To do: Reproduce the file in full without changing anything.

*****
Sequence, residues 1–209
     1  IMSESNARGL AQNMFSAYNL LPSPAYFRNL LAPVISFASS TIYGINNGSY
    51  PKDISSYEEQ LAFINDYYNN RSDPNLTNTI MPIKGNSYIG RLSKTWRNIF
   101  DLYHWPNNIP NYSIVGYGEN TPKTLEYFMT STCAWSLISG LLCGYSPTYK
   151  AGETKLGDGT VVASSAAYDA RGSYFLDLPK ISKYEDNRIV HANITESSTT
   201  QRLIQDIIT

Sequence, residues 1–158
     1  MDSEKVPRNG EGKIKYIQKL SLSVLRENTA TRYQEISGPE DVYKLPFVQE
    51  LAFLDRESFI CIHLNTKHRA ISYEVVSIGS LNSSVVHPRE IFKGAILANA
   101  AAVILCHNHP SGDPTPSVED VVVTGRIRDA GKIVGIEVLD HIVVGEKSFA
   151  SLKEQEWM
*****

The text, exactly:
Sequence, residues 1–209
     1  IMSESNARGL AQNMFSAYNL LPSPAYFRNL LAPVISFASS TIYGINNGSY
    51  PKDISSYEEQ LAFINDYYNN RSDPNLTNTI MPIKGNSYIG RLSKTWRNIF
   101  DLYHWPNNIP NYSIVGYGEN TPKTLEYFMT STCAWSLISG LLCGYSPTYK
   151  AGETKLGDGT VVASSAAYDA RGSYFLDLPK ISKYEDNRIV HANITESSTT
   201  QRLIQDIIT

Sequence, residues 1–158
     1  MDSEKVPRNG EGKIKYIQKL SLSVLRENTA TRYQEISGPE DVYKLPFVQE
    51  LAFLDRESFI CIHLNTKHRA ISYEVVSIGS LNSSVVHPRE IFKGAILANA
   101  AAVILCHNHP SGDPTPSVED VVVTGRIRDA GKIVGIEVLD HIVVGEKSFA
   151  SLKEQEWM